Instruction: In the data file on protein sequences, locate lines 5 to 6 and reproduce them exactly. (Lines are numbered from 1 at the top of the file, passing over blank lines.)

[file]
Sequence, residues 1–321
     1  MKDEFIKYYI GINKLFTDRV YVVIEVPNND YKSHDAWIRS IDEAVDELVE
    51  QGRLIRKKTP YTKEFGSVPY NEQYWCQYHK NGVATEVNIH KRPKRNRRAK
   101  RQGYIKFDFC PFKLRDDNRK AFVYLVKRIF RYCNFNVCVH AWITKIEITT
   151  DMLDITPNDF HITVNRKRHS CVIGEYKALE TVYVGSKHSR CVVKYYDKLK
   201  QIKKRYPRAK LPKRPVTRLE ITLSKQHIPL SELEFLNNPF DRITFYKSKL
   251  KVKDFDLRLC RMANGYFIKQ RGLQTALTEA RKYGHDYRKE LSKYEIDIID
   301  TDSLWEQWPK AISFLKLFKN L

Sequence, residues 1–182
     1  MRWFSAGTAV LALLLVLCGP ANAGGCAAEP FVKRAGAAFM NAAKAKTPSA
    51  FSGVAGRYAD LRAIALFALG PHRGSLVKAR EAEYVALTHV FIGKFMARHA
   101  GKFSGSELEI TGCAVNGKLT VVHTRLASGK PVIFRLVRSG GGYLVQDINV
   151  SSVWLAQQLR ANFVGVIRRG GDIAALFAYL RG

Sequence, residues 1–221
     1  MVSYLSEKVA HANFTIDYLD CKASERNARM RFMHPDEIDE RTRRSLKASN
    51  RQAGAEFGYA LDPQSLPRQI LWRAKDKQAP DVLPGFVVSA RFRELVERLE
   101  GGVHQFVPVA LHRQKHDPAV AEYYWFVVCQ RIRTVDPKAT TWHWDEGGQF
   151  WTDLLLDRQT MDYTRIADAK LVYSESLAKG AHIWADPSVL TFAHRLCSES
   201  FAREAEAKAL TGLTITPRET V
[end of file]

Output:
   151  DMLDITPNDF HITVNRKRHS CVIGEYKALE TVYVGSKHSR CVVKYYDKLK
   201  QIKKRYPRAK LPKRPVTRLE ITLSKQHIPL SELEFLNNPF DRITFYKSKL